The Elimination of Oxides of Nitrogen from the Exhaust of a Diesel Engine Using Cryogenic Air Separation

  • A. Manikowski
  • G. Noland
  • M. A. Green
Part of the Advances in Cryogenic Engineering book series (ACRE, volume 43)


The high temperatures associated with combustion in diesel Engines produce oxides of nitrogen as a pollutant. Under the Clean Air Act, it is desirable to eliminate both the oxides of nitrogen and particulate matter from diesel engine exhaust gasses. This paper presents a method for eliminating oxides of nitrogen from the exhaust stream by eliminating the nitrogen from the incoming air entering the engine. The proposed cycle for a cryogenic separation system that separates the oxygen and heavy inert gasses from nitrogen in the air is discussed. Much of the power needed to operate the cryogenic separation plant would come from the heated exhaust gas stream from the engine. Since there is almost no nitrogen in the incoming oxidizer stream, the engine can be run much leaner to reduce carbon monoxide, hydrocarbons, and particulate emissions from the engine exhaust stream.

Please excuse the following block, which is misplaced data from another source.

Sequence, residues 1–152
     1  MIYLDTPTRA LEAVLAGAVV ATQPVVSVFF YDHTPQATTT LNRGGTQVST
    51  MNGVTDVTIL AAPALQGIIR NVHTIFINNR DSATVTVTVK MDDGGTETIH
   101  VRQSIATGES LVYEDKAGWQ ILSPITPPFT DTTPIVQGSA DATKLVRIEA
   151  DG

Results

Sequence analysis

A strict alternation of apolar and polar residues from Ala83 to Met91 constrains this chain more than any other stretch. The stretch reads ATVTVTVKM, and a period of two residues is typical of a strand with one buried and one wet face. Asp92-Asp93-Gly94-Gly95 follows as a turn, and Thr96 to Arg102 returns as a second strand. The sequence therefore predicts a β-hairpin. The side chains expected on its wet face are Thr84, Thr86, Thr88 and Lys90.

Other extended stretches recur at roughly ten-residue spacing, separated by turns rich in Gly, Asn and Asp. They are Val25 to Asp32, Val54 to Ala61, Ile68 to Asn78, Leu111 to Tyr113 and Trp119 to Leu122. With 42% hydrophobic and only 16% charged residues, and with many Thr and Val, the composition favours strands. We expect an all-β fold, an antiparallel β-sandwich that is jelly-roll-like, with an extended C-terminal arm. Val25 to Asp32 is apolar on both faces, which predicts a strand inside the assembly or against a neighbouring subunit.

Heat Exchanger Diesel Engine Shaft Power Cold Compressor Exhaust Stream 
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Copyright information

© Springer Science+Business Media New York 1998

Authors and Affiliations

  • A. Manikowski
    • 1
  • G. Noland
    • 1
  • M. A. Green
    • 2
  1. 1.Procyon Power Systems Inc.AlamedaUSA
  2. 2.E. O. Lawrence Berkeley National LaboratoryUniversity of CaliforniaBerkeleyUSA

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